He claims that nature raises humans like a mother and provides them with endless joy during his upbringing. However, when a child grows older, he forgets all of his early grandeur. The poet explains his emotions through the example of a six-year-old youngster. He claims that a six-year-old child forgets divine light and becomes preoccupied with his toys. He learns a foreign language and words such as commerce, love, and strife. The youngster is unaware of the vastness of his spirit. He claims that when a child grows, he loses sight of the brilliance of his soul and becomes engulfed by the world and its business.
He feels heavy on the inside because he has forgotten the divinity of his soul. The poet is delighted to recall his early memories. Because he preserves the heavenly glory, the poet refers to the infant as the best philosopher. The poet expresses gratitude for the blessings of his childhood when he was always joyful. The child imitates a grown-up man, but the poet tells him not to because adult life is full of troubles, and when he grows up, he will inherit them.
The poet is pleased to recall early memories. He is grateful because they are a source of natural feelings and knowledge that can enable a man to see the inner reality of earthly objects. A man, according to the poet, can travel far from his childhood. His soul has the ability to visualise the ocean of immortality. With childhood reminiscences, he can relive his childhood events. The poet requests that the birds sing joyous melodies for him, just as they did when he was a child. He also instructs the lambs to leap and dance.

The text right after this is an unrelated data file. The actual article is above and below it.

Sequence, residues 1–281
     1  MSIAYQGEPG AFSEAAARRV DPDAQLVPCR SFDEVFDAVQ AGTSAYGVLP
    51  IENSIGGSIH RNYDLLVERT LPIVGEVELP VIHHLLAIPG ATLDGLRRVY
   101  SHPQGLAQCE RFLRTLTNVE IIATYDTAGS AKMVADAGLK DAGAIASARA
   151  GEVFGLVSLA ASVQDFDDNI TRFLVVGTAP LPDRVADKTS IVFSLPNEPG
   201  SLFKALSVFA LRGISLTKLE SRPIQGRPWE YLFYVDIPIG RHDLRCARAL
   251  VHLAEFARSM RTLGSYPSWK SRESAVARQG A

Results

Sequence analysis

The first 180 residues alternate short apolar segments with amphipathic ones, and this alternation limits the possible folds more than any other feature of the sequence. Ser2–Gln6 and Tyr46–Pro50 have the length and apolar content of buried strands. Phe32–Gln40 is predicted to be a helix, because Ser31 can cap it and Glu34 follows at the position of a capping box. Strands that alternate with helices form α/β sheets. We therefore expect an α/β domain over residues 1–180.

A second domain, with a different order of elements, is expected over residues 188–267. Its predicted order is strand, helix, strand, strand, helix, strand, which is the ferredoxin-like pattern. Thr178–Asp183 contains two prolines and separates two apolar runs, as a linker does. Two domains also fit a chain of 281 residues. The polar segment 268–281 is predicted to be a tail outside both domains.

He claims that he can only help them celebrate spring in their mind. The poet recognises that his childhood days are gone and will never return, but he is content to think that he has gained more experience in his adult life. Over time, his mentality has evolved into a philosophical one. It is also a significant accomplishment for the poet. According to the poet, his affection for natural objects would never end. His feelings for them have become second nature to him. For the poet, even the most insignificant flower can fill his heart with joy, whereas tears cannot communicate his feelings deeply.